China Economic Growth Slows Sharply Due to Covid. What It Means. – Barron’s

China’s population declined last year for the first time since the 1960s.

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China’s economy, the world’s second biggest, had one of its weakest years in decades in 2022 as the country coped with repeated lockdowns to contain the spread of Covid-19.

Growth slowed to 3% in 2022 from 8.1% in 2021, official statistics showed Tuesday. Other than the pandemic-induced slump of 2.2% experienced in 2020, that’s the worst performance since 1976 and well below the government’s target of about 5% expansion.

China is critical for the global economy, not only because of its size, but because it also grows much faster than developed nations as it catches up with them in productivity and output per person. A separate report showing China’s population declined last year for the first time since the 1960s adds to the country’s challenges as it tries to recover from the lockdowns.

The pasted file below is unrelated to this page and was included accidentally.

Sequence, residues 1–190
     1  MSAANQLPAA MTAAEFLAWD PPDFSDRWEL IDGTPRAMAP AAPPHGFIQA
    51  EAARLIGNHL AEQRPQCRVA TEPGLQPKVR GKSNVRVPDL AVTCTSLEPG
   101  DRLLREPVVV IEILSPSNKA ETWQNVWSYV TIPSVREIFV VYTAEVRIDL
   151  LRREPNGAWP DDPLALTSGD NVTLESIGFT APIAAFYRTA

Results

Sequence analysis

Tesla (ticker: TSLA) and Apple (AAPL) are among the companies with a large manufacturing base in China. While The country has grown wealthy through trade, it is also a key market for electric vehicles and semiconductors. 

Public protests against China’s zero-Covid policy were followed by the easing of many restrictions on movements and economic activity in early December. That should bolster the economy this year, but the recovery will be bumpy as infections skyrocket during the reopening. 

Economists see consumers leading a rebound in China’s growth this year. Competition among electric vehicle makers, for whom China is the biggest market, is heating up after XPeng (XPEV) on Tuesday announced price cuts. That follows a similar move by Tesla earlier this month.

Analysts at Gavekal Dragonomics see Chinese consumption picking up substantially in January and February, predicting it may return to prepandemic levels late in the first quarter or at the start of the second.

That will help lift global growth, though the outlook for the U.S. and Europe is dimmer. Both may fall into recession this year after the Federal Reserve‘s aggressive campaign of interest-rate increases last year.

Write to Brian Swint at brian.swint@barrons.com

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